top of page
  • News Editor

Analysis: Why the European Super League never stood a chance

Fans across the world reacted with enthusiasm as the Super League fell apart. Here’s why a breakaway league never had a shot.

The fans made their voices heard over the past two days against the idea of a European Super League limited to just elite clubs.

The controversial project unraveled on Tuesday after most of the 12 teams involved, starting with Chelsea, began to pull out just two days after the breakaway league had been announced much to UEFA’s shock.

The plan unleashed widespread condemnation from fans and Europe’s soccer governing body who threatened sanctions against the clubs. Those sanctions would have included banning them from domestic competitions, with support from various national football associations, and even the upcoming Champions League semifinals.

It’s true that UEFA thwarted the effort with its tough talk, but it was fans across England and much of Europe who made their voices heard against the greedy plan. In what amounted to an existential crisis for the world’s most popular sport since Sunday, the reality is the ESL never had a shot.

ESL would have destroyed the game

Had the Super League taken off, the game as we know it would have been forever destroyed. The revenue-sharing agreements tied to TV rights make it so that the rich clubs, with their star players and popularity, can help mid-tier and lower level teams survive. It helped that other Premier League teams took to the field over the last few days protesting such a move.

What these greedy teams didn’t bank on was the history, tradition and power of the fans that make up these clubs.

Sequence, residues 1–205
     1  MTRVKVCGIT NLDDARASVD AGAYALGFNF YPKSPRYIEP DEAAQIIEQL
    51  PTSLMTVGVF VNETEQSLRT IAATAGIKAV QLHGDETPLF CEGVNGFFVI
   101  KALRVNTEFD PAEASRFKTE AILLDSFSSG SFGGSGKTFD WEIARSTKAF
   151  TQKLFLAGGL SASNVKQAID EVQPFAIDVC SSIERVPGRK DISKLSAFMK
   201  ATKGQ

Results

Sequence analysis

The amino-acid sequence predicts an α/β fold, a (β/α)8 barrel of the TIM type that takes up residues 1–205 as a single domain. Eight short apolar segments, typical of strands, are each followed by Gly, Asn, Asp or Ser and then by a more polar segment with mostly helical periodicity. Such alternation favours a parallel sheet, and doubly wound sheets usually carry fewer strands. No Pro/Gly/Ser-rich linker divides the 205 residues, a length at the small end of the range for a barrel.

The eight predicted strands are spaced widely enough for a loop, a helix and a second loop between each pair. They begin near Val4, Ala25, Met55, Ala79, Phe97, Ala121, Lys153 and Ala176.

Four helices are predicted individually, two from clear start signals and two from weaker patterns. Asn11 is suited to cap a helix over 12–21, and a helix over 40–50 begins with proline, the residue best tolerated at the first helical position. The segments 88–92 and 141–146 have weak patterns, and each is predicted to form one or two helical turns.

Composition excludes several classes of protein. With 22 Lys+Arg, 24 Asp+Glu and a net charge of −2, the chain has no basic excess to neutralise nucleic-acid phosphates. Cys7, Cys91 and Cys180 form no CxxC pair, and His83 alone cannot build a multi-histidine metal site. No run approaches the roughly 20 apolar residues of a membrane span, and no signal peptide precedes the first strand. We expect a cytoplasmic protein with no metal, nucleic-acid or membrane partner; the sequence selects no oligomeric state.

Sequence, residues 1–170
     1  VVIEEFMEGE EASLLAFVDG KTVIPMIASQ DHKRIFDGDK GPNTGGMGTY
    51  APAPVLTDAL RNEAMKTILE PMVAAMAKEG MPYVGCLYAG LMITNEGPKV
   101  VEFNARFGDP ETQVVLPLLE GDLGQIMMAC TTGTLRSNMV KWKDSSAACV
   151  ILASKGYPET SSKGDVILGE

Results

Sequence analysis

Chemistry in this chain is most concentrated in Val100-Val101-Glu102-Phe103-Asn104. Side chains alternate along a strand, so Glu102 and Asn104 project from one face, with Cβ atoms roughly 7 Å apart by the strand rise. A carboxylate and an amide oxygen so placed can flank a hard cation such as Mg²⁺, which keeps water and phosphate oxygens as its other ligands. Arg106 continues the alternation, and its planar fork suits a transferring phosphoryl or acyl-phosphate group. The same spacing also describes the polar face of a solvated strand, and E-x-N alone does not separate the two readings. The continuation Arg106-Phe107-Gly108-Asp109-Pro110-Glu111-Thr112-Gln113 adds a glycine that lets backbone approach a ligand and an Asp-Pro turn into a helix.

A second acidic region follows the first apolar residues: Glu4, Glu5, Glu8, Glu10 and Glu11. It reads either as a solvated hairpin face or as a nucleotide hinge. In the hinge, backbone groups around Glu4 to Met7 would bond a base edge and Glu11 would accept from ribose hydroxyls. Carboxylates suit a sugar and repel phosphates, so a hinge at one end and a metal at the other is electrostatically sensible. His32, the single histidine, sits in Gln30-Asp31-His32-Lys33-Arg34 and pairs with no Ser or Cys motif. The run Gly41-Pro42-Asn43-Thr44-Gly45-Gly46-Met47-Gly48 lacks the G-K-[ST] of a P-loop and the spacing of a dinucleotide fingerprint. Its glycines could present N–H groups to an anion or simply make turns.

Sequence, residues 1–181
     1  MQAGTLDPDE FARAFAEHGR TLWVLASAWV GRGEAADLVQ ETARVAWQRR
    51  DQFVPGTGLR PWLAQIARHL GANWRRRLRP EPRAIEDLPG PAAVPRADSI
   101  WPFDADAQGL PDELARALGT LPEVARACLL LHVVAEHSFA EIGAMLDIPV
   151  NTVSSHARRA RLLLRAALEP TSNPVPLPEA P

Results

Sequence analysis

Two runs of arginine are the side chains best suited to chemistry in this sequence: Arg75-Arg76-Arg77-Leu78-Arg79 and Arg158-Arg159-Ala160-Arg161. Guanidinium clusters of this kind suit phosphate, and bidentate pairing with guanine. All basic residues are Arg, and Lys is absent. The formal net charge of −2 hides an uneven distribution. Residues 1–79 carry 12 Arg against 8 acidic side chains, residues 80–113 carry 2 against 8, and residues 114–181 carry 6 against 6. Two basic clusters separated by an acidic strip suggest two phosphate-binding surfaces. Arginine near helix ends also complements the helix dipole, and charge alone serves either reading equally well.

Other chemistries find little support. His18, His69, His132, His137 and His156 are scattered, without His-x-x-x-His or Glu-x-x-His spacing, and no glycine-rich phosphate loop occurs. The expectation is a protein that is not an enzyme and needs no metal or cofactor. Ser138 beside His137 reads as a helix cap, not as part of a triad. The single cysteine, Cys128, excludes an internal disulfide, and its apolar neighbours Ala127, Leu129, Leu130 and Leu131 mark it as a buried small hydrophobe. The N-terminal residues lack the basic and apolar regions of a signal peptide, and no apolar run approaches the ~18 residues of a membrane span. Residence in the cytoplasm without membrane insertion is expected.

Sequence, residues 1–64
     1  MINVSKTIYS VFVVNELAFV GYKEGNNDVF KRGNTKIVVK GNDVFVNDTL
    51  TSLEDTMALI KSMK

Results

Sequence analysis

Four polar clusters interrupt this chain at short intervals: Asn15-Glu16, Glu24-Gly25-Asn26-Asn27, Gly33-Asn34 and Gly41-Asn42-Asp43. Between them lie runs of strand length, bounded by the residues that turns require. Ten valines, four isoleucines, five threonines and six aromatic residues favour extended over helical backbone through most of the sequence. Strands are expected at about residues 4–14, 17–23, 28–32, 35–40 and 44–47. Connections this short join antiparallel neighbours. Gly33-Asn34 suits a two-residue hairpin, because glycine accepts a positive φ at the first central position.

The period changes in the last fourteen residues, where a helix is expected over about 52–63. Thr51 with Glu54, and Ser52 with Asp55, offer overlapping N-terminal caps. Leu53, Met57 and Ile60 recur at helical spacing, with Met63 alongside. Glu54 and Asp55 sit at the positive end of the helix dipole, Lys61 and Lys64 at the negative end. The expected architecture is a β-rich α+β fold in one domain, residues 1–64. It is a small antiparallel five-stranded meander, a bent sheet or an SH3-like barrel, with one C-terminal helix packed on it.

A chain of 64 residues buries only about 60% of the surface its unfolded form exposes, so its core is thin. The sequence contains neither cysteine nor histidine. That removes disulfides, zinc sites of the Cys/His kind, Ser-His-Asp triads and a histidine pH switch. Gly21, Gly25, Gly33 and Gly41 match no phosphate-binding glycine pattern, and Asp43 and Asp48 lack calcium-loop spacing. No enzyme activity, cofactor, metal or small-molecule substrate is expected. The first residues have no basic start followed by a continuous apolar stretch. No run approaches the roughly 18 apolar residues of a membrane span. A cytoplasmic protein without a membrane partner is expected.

These teams aren’t like NFL franchises where owners unilaterally make decisions and often break the hearts of fans by trading away players or even relocating to another city.

Owners neglected the power and passion of fans

Soccer doesn’t work this way. The owners of these mega-wealthy teams, many of whom are Americans, are so far removed from the tradition, history and the fans that they didn’t realize what their decision would unleash.

The Super League’s aim was to wall off the world’s best teams and make it so that all the money would go to them. The hell with everyone else. Instead, as the developments of the last two days grew to a crescendo, it was the fans and the game that won over for now.

UEFA is indeed a monopoly and they have their faults. Nonetheless, the big teams need to work within the framework already put in place. Instead of dominating the Champions League with results on the field, they decided to take their ball and create their own competition.

Players and coaches were never consulted

The other thing these clubs didn’t realize is the importance of the players and coaches. You know, the very people who make the game go. No one asked them.

It’s why Liverpool manager Jurgen Klopp condemned the ESL’s creation. it’s why so many players, former and current, also criticized the plan.

The fact that the clubs, spearheaded by the likes of Manchester United, Real Madrid and Juventus, made this surprise announcement as the game continues to reel as a result of the pandemic was a clear money grab.

It’s also likely that players were not interested in playing club soccer in a rogue league and risk being banned from this summer’s European Championship or even the 2022 World Cup should FIFA had followed through on their own threats.

No one can sympathize with billionaires who complain they want, and need, even more money.

European soccer now has to heal. All sides need to come to the table and work out something that works for everyone. The fallout will continue over the coming days and weeks.

After all, it’s the game that risks forever being altered. These owners now know that the power they once wielded has been diminished over the last few days.

Analysis By Clement Lissi

6 views0 comments
bottom of page